I thought it was you, Danvers, the minute I piped yeh off! Wild
Cat Bill stepped forward as he spoke, and shook hands with the young
trooper as cordially as if they were old friends. Bill breathed as
though he had been running, but went on immediately:
We've come up here to see what the chances were fer wolfin' this
winter. Here's Charlie, yeh see. What yeh out fer? Horse thieves?
Philip did not answer, as the officer in charge, singularly lacking
in perspicacity, took it upon himself.
We are looking for smugglers, he frowned. You haven't seen any
loaded outfits headed this way from Fort Benton, have you?
Nope! Bill promptly answered. We've been here two days, and
nobody passed herehas they, Charlie? The freighter confirmed Bill's
assertion and the troopers were then ordered to stable their horses for
How is your sister, Charlie? Danvers asked at his earliest
opportunity. He was sorry to see the freighter, feeling something was
She's in the East, at boarding-school, answered Charlie. I
couldn't do by her as I should, he went on. Fort Benton's no place to
bring up Winnie.
Remember me to her when you write, said Danvers, walking his horse
away as Charlie passed inside the trading-post.
What are yeh thinkin'? whispered one of the detail in the dark of
the stables as the horses were being fed.
Not much of anything, Danvers whispered back.
Yes, yeh are. Yeh know they's cached whiskey somewhere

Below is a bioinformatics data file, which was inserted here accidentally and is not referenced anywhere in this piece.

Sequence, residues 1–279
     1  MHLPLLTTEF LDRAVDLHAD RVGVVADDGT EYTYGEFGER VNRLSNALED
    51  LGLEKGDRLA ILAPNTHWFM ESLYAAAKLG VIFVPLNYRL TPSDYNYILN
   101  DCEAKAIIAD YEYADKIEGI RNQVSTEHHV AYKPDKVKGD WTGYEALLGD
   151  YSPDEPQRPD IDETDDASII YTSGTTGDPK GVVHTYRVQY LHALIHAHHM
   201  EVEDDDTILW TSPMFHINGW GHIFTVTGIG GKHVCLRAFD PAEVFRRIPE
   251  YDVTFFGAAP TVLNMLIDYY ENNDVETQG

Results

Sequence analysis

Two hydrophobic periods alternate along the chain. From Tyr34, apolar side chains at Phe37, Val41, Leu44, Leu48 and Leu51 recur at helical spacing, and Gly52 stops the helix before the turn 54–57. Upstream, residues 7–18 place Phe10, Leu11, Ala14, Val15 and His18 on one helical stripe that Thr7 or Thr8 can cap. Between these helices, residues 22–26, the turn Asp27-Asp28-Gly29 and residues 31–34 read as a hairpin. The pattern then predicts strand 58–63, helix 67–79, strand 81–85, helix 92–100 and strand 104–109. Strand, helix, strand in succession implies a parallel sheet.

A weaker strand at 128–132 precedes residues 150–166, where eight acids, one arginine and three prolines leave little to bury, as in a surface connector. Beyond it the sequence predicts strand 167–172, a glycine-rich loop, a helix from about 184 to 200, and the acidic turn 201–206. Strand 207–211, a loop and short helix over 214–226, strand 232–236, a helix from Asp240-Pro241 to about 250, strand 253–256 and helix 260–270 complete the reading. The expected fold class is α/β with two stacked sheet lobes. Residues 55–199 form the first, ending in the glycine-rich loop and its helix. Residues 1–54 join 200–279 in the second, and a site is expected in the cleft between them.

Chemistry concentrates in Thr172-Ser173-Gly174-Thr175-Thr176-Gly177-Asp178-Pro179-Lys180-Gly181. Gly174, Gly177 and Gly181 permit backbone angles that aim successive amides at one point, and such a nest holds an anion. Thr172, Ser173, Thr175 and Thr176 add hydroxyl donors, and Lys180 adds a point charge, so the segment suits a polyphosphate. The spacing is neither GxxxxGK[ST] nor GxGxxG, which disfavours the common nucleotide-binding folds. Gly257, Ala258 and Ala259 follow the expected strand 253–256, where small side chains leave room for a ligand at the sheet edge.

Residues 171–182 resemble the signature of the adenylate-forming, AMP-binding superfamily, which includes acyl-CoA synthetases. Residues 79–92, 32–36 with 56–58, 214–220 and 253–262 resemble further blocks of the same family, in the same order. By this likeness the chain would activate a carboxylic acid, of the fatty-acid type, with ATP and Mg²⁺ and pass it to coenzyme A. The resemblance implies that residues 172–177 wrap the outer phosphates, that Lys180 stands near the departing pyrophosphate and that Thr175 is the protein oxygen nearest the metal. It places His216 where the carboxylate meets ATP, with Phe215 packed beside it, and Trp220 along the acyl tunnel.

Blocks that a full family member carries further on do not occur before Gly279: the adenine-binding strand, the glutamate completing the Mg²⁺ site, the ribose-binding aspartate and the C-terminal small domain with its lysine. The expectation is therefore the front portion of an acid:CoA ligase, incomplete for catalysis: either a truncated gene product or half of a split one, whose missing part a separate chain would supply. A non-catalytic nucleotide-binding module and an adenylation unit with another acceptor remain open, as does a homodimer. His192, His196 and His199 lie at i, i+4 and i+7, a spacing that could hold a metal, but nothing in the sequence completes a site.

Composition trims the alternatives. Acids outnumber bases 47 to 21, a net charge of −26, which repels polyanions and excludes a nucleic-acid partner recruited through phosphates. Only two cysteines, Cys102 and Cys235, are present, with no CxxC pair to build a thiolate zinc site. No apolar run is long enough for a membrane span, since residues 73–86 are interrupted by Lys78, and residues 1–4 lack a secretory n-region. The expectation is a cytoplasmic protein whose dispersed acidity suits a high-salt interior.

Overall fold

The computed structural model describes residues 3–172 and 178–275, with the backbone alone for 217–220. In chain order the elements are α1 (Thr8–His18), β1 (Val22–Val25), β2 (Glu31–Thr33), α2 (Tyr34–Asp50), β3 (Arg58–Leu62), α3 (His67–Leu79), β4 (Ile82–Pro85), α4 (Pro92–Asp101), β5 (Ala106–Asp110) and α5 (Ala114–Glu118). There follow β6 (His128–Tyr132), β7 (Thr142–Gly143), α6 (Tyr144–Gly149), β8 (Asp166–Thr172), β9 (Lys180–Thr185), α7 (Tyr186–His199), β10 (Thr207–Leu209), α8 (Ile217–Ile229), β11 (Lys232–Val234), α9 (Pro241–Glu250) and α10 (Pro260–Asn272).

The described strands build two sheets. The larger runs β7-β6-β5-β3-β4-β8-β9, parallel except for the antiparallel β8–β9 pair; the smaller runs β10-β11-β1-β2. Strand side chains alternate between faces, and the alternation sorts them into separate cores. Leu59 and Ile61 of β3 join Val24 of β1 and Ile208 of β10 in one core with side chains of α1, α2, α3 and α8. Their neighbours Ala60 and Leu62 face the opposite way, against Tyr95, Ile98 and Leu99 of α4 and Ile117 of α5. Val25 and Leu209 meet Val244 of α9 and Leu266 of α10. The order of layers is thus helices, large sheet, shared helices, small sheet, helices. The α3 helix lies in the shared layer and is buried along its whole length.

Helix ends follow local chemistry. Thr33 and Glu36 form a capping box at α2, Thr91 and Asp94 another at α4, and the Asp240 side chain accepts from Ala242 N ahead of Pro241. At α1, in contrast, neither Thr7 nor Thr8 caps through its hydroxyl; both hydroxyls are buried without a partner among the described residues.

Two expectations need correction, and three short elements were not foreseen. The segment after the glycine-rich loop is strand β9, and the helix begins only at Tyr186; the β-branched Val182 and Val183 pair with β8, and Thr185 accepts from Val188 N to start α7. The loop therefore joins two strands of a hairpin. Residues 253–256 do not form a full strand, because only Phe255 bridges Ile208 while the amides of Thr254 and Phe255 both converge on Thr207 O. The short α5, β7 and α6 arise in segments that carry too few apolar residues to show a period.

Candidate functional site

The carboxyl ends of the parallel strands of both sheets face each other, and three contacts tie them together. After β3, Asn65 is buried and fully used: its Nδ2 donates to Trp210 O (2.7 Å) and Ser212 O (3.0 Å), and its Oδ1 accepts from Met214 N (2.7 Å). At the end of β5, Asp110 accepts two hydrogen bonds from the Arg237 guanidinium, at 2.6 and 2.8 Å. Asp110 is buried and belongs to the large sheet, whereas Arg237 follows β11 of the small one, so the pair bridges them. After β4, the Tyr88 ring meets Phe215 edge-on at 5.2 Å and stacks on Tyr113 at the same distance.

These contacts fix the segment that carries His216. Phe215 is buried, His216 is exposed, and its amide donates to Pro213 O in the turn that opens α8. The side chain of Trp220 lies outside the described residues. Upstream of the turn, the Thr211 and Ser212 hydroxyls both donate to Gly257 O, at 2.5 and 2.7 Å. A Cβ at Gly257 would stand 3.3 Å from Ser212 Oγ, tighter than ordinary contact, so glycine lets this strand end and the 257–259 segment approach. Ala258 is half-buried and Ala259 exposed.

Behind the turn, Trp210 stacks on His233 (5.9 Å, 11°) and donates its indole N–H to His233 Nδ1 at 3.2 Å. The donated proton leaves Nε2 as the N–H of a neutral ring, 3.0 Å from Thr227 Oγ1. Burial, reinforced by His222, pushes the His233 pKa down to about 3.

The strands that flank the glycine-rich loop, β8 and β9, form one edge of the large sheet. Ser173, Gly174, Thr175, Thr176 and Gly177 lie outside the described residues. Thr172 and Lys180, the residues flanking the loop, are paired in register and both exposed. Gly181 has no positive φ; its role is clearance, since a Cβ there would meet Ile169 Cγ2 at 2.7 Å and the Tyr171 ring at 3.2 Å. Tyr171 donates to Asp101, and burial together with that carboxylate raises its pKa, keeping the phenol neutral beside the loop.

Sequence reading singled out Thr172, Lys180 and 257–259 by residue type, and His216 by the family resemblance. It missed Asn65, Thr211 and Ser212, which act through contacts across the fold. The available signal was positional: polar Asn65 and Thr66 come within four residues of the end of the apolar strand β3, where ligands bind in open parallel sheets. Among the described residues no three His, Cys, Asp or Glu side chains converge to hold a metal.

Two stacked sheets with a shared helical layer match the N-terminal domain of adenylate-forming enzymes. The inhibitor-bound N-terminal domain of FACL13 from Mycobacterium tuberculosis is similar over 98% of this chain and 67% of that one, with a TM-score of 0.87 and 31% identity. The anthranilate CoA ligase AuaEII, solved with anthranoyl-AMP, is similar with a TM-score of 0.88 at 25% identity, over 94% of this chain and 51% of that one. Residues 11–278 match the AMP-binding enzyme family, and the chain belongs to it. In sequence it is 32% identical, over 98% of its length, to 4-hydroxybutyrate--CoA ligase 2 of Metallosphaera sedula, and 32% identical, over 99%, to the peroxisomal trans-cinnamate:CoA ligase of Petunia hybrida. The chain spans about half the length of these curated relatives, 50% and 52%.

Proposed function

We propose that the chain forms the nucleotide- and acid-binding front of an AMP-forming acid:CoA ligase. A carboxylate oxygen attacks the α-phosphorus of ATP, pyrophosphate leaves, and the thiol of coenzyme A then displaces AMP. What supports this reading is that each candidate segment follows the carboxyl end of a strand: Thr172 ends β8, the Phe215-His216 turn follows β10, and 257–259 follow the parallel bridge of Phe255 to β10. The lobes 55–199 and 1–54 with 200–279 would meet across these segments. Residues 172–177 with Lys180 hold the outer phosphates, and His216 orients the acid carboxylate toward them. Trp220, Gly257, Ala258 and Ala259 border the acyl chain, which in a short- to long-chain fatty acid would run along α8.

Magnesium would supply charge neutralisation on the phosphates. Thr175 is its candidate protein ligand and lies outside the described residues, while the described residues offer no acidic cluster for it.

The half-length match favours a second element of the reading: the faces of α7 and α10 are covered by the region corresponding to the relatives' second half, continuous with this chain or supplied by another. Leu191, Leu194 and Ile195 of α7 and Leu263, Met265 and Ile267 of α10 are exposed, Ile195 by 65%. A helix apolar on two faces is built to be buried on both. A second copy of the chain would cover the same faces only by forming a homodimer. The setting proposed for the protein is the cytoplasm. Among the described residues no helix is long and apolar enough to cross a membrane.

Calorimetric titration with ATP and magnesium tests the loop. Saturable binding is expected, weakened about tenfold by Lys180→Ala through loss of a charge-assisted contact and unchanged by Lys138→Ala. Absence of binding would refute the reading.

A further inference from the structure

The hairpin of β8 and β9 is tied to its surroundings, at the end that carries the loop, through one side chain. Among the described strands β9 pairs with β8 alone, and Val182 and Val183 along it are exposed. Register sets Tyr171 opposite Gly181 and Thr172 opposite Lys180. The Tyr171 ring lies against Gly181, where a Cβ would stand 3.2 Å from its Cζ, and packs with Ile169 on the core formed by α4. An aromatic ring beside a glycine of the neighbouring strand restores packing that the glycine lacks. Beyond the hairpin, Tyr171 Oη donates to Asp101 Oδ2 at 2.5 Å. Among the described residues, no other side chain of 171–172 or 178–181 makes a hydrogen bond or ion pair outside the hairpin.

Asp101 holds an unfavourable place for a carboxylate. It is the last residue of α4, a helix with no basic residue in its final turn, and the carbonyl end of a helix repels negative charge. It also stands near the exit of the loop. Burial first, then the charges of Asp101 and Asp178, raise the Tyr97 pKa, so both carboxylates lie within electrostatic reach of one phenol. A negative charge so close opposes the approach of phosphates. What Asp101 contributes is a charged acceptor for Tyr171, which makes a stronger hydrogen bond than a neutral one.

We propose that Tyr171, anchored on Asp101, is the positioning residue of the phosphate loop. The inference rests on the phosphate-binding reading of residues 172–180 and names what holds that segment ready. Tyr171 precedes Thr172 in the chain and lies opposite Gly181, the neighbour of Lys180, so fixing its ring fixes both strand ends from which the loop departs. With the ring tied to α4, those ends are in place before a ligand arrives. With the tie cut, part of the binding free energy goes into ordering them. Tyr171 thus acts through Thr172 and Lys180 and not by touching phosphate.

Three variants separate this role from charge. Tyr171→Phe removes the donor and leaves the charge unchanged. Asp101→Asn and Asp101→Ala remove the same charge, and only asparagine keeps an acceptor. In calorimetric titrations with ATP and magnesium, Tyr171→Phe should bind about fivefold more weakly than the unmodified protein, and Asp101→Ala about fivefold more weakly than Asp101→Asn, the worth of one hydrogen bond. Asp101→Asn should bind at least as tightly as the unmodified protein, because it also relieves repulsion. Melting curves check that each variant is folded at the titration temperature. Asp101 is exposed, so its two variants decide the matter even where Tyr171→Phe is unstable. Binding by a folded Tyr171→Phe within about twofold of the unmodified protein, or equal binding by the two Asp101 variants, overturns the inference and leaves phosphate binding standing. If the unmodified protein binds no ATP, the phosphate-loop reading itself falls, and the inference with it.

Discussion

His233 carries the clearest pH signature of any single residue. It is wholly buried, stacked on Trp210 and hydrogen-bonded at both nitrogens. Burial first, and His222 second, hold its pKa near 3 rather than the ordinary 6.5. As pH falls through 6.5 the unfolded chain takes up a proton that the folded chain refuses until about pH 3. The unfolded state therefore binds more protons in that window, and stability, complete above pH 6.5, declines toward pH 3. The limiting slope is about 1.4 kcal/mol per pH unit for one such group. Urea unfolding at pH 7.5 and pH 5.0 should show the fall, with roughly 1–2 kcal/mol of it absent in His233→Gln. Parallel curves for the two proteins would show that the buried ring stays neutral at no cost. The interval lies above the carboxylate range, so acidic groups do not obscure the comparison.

Coming from the stables, Danvers passed the conspicuously empty
wagons belonging to the Americans. He noticed that the pile of refuse
near by was not covered with snow, although the stables had not been
cleaned. Walking nearer, he detected a strong odor of whiskey rising
from the wagon boxes. He remembered the sweat on the men's foreheads.
Getting a stable fork he struck sharply into the compost. Something
clinked. A quick throwing of the litter uncovered a case, such as was
commonly used to convey liquor.
As it was his duty, Danvers walked to the captain and saluted.
I've found a cache of whiskey, sir, he answered,
The captain investigated. Then he opened the door of the shack and
surprised the Americans eating breakfast.
When placed under arrest, they seemed stunned, submitting without
I bet Danvers found that cache! muttered Bill. He's too
foxy fer me!
On the return trip to Fort Macleod, Me-Casto began to fear that the
men would attempt to prove that the whiskey was not Burroughs'. He knew
what he had heard in the lodges; but what would his word be, as against
these defiant men? He pondered for many miles, then thought of another
way to bring disgrace on Burroughs. He would yet have Pine Coulee,
himself! Riding close to the wagon where the morose Charlie sat,
Me-Casto craftily engaged in conversation.